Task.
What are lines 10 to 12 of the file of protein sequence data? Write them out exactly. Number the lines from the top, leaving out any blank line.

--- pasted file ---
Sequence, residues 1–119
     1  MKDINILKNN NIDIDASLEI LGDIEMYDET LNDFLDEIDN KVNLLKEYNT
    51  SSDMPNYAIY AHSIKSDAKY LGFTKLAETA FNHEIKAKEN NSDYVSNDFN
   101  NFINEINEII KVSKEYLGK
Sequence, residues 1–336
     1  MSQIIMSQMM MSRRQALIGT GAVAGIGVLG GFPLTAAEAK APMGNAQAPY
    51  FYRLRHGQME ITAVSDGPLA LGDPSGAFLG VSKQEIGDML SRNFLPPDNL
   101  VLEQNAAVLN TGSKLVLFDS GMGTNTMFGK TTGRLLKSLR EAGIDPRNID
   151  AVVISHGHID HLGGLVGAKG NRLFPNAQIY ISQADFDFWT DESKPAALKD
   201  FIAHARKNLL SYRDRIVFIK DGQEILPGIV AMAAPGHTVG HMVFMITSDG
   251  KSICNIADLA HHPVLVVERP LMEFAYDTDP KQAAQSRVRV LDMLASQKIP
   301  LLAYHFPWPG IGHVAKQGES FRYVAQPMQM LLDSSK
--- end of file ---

   201  FIAHARKNLL SYRDRIVFIK DGQEILPGIV AMAAPGHTVG HMVFMITSDG
   251  KSICNIADLA HHPVLVVERP LMEFAYDTDP KQAAQSRVRV LDMLASQKIP
   301  LLAYHFPWPG IGHVAKQGES FRYVAQPMQM LLDSSK